A person shall be able to transfer their personal data from one electronic processing system to and into another, without being prevented from doing so by the data controller. Data that has been sufficiently anonymized is excluded, but data that have only been de-identified but remains possible to link to the individual in question, such as by him or her providing the relevant identifier, is not.[23] Both data that have been 'provided' by the data subject, and data that have been 'observed' — such as about their behavior — is within scope. In addition, the data must be provided by the controller in a structured and commonly used Open standard electronic format. The right to data portability is provided by Article 20 of the GDPR.[6] Legal experts see in the final version of this measure a "new right" created that "reaches beyond the scope of data portability between two controllers as stipulated in Article 18".[24] (Note that the Article number was updated to Article 20 in the final release version. The quotation was accurate at the time.)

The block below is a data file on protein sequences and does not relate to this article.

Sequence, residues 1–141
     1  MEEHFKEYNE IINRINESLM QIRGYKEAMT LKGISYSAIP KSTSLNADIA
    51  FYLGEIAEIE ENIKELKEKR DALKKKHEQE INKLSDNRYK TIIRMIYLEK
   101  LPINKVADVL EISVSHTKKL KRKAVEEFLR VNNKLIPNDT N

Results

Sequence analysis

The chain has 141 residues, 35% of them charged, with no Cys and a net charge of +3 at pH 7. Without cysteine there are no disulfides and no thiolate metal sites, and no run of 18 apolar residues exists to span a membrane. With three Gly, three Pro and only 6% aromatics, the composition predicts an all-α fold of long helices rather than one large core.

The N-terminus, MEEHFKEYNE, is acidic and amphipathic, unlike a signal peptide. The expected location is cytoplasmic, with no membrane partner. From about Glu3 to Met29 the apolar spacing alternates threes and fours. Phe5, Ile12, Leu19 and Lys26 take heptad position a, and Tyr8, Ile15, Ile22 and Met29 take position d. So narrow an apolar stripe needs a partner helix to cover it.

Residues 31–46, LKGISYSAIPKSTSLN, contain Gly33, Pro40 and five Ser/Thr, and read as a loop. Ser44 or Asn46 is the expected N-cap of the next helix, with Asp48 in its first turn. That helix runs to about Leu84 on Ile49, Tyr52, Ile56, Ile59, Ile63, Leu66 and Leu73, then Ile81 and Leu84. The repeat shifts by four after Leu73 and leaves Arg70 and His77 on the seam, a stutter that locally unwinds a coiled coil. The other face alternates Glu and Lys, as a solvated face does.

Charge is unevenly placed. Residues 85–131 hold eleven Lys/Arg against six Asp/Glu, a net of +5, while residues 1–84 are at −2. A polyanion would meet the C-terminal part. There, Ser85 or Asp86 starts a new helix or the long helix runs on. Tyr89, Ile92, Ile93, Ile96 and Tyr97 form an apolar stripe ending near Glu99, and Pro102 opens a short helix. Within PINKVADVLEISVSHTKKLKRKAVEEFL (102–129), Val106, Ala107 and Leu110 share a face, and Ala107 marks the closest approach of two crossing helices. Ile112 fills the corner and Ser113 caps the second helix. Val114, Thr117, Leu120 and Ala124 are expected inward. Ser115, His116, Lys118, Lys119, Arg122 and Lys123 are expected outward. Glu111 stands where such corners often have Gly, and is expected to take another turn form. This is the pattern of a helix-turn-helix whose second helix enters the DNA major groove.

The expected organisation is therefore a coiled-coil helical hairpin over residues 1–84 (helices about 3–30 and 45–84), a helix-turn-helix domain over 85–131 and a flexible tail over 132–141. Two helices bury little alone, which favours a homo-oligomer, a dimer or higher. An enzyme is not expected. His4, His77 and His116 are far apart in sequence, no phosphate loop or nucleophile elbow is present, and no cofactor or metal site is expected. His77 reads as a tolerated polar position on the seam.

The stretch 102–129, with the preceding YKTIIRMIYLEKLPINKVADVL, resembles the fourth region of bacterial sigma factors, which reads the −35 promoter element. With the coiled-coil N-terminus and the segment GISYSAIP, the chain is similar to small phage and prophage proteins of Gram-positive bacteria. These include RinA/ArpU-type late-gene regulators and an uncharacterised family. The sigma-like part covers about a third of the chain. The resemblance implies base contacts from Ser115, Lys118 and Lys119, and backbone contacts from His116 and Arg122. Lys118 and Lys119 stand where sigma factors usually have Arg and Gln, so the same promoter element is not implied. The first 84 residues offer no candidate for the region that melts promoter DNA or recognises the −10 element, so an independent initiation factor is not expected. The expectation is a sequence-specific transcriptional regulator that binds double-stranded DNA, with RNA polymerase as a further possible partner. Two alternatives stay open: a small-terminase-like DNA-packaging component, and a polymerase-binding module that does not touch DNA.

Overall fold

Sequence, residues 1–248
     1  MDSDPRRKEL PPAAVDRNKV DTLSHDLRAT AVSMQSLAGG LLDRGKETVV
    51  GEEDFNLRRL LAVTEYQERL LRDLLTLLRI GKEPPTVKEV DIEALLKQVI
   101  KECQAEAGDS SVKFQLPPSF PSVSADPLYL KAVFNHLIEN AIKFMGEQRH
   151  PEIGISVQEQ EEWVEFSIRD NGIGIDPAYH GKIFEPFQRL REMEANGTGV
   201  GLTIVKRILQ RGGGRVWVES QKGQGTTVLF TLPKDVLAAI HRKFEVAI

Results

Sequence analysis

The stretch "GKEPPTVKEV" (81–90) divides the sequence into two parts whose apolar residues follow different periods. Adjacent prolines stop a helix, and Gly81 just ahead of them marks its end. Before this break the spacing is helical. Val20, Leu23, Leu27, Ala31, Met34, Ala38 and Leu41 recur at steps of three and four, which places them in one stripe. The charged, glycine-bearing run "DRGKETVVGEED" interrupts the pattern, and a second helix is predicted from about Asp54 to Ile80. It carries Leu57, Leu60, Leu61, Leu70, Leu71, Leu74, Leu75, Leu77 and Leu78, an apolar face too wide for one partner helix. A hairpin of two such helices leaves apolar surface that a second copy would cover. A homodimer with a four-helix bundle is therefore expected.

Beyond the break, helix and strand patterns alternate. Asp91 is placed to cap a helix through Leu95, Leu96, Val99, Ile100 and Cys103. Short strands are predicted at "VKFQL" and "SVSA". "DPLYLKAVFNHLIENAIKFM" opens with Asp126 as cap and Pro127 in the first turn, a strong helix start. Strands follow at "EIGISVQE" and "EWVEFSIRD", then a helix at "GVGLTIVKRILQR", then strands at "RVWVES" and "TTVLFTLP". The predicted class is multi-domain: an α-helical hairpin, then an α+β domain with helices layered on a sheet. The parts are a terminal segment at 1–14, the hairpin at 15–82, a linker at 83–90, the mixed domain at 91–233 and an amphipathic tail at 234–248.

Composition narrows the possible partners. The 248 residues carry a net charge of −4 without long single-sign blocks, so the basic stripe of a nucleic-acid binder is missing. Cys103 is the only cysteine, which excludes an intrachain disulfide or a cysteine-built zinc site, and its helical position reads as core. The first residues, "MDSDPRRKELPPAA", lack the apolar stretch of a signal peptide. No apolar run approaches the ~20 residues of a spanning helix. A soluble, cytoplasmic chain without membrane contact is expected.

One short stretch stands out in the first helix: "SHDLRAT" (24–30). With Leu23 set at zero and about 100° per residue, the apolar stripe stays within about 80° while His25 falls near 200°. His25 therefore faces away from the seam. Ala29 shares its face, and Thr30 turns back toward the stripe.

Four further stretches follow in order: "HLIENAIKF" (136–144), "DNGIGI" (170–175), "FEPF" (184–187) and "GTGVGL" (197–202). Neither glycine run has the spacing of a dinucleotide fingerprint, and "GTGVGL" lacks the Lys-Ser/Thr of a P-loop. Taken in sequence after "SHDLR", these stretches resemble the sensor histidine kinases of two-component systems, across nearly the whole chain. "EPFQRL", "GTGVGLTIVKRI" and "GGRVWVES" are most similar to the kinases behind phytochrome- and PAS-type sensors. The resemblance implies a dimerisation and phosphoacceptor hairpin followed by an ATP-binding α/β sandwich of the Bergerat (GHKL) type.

What Inflectra Provides

Administrators can export customer data, via the functionality of the Inflectra Cloud Services platform, at any time during the term of the agreement. We have included data export commitments in our Terms of Service (ToS) for several years, and we will continue offering those after the GDPR comes into force.

Specifically, the Inflectra Cloud Services platform lets administrators export data in a variety of standard, open formats, including CSV, XML, HTML, Adobe Acrobat PDF, Microsoft Word, and Microsoft Excel. Upon termination of the subscription, Inflectra will make available a full database backup of the data held in the service to the customer, who in the role of data controller, can disseminate it further to requesting end users.

7. Data Protection by Design and by Default

Data protection by Design and by Default (Article 25) requires that data protection is designed into the development of business processes for products and services. This requires that privacy settings must be set at a high level by default and that technical and procedural measures should be taken care by the controller in order to make sure that the processing, throughout the whole processing lifecycle, complies with the regulation. Controllers should also implement mechanisms to ensure that personal data are only processed when necessary for each specific purpose.